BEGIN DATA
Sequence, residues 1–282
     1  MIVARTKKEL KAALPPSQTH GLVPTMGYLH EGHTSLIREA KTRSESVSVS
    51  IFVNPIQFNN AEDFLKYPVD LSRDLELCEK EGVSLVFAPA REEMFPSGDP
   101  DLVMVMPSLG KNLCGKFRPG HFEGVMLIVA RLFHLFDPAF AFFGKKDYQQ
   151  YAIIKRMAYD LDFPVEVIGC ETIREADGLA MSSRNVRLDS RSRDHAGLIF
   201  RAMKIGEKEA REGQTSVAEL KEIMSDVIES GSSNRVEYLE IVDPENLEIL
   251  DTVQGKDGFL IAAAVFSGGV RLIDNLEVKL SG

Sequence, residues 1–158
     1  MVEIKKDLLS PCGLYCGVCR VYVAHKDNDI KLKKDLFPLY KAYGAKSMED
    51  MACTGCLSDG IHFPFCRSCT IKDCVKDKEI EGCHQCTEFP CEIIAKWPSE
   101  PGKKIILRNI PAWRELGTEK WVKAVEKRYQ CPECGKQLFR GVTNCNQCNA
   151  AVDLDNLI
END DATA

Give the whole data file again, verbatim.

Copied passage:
Sequence, residues 1–282
     1  MIVARTKKEL KAALPPSQTH GLVPTMGYLH EGHTSLIREA KTRSESVSVS
    51  IFVNPIQFNN AEDFLKYPVD LSRDLELCEK EGVSLVFAPA REEMFPSGDP
   101  DLVMVMPSLG KNLCGKFRPG HFEGVMLIVA RLFHLFDPAF AFFGKKDYQQ
   151  YAIIKRMAYD LDFPVEVIGC ETIREADGLA MSSRNVRLDS RSRDHAGLIF
   201  RAMKIGEKEA REGQTSVAEL KEIMSDVIES GSSNRVEYLE IVDPENLEIL
   251  DTVQGKDGFL IAAAVFSGGV RLIDNLEVKL SG

Sequence, residues 1–158
     1  MVEIKKDLLS PCGLYCGVCR VYVAHKDNDI KLKKDLFPLY KAYGAKSMED
    51  MACTGCLSDG IHFPFCRSCT IKDCVKDKEI EGCHQCTEFP CEIIAKWPSE
   101  PGKKIILRNI PAWRELGTEK WVKAVEKRYQ CPECGKQLFR GVTNCNQCNA
   151  AVDLDNLI